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The rise of mass incarceration in the United States is one of the most critical outcomes of the last half-century. Peter Enns, associate professor in the Department of Government at Cornell University and executive director of the Roper Center for Public Opinion Research, offers a compelling explanation of this issue and helps us understand the forces that led the United States to becoming the world's leader in incarceration.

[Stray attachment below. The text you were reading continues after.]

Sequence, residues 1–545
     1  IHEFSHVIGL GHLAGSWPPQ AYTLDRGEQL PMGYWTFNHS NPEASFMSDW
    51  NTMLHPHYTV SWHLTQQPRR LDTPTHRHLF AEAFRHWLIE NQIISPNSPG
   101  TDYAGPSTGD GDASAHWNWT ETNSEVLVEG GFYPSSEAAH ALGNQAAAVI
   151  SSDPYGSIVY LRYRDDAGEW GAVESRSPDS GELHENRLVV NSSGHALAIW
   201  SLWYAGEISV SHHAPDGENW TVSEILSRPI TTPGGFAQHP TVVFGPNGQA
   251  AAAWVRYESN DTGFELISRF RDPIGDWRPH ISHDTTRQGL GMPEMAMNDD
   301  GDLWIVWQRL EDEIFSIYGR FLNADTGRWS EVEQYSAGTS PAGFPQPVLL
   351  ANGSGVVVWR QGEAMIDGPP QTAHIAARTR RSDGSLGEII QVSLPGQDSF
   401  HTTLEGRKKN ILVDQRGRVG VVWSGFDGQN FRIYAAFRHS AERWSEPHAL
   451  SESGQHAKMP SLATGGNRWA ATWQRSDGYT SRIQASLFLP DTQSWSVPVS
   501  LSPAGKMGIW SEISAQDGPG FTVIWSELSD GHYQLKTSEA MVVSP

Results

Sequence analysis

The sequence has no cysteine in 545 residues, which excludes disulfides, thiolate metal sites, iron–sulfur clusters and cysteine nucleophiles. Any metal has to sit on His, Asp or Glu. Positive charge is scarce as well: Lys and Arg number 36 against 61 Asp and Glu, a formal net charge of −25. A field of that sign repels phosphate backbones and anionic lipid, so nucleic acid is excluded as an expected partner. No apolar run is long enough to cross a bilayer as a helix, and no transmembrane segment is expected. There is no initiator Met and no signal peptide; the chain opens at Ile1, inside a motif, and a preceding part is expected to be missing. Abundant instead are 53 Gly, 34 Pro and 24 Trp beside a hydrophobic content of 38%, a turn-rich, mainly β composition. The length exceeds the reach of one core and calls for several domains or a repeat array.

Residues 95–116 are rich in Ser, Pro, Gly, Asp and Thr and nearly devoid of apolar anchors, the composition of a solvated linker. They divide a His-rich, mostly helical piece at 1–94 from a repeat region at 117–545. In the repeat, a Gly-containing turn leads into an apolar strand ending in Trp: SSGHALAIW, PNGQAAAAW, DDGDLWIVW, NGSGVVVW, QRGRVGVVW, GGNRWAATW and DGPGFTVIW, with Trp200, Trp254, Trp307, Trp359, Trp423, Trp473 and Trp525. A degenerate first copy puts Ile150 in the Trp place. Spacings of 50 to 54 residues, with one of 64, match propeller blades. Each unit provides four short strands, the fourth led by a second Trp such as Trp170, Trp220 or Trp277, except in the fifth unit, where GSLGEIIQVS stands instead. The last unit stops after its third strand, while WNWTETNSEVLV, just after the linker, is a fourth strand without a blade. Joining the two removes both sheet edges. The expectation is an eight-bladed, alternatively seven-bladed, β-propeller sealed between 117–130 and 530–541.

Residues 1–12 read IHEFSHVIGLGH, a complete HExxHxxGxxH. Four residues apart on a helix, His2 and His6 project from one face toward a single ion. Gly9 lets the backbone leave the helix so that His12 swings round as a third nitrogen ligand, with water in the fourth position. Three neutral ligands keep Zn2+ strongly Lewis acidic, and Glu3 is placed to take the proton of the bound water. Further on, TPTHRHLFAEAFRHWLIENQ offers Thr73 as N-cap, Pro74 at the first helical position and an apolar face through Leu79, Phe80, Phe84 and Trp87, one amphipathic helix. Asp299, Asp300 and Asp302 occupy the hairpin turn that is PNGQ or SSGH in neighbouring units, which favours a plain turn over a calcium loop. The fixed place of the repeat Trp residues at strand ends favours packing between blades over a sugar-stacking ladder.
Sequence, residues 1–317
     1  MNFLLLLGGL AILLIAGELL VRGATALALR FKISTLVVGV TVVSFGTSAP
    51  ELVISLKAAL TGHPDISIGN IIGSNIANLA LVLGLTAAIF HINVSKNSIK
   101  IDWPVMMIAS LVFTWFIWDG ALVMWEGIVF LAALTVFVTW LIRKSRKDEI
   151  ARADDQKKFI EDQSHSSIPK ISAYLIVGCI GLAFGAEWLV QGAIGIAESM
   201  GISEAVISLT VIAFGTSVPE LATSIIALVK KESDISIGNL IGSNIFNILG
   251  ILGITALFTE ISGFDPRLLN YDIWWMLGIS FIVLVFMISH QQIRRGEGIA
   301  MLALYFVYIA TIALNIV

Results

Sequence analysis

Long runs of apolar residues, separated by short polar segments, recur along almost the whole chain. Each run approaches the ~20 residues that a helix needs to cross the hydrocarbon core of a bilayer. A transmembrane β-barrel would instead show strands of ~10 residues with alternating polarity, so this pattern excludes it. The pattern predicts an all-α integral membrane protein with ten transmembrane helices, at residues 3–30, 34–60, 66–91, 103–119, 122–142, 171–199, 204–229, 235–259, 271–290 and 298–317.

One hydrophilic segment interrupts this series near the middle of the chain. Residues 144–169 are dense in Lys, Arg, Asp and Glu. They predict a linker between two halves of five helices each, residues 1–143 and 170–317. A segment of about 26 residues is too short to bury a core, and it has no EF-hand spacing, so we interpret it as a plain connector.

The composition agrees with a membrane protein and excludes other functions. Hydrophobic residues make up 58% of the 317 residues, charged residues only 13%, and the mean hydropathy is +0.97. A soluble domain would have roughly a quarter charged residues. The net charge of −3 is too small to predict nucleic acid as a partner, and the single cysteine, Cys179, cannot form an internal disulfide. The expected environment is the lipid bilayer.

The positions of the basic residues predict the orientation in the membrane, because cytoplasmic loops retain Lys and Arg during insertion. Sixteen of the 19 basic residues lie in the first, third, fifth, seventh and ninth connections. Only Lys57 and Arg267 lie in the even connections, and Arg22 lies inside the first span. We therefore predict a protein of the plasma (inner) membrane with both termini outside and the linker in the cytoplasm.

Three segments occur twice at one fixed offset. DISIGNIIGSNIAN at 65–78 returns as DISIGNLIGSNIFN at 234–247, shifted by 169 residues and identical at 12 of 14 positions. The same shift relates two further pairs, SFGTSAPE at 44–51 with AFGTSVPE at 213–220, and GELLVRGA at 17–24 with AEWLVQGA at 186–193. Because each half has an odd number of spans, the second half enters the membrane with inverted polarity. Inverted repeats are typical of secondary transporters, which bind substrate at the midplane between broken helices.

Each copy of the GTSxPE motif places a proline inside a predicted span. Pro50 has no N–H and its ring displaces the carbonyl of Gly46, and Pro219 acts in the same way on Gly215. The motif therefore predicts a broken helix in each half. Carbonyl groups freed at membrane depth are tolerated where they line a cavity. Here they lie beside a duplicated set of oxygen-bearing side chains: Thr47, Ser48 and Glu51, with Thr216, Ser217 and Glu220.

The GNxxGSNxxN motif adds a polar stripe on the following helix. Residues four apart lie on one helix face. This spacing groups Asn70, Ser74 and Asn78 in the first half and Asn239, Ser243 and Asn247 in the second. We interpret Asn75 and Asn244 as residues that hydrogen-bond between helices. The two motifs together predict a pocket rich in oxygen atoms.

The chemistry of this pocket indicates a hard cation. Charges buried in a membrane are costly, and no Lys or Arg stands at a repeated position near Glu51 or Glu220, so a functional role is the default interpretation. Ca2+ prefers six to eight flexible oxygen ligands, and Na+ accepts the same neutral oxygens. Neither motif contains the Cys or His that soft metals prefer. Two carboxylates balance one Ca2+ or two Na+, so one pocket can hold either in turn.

In a Fall 2016 Chats in the Stacks book talk sponsored by Olin Library, Enns presents his new book, 'Incarceration Nation: How the United States Became the Most Punitive Democracy in the World' (Cambridge University Press, March 2016). He combines in-depth analysis of Barry Goldwater and Richard Nixon's presidential campaigns with sixty years of data analysis, and he reveals how politicians responded to an increasingly punitive public by pushing policy in a more punitive direction. He argues that media coverage of rising crime rates helped fuel the public’s "tough on crime" outlook that led to a rapid rise in incarceration. Today's less punitive views have resulted in bipartisan calls for criminal justice reform, and his research provides important new insights that will help shape future policies.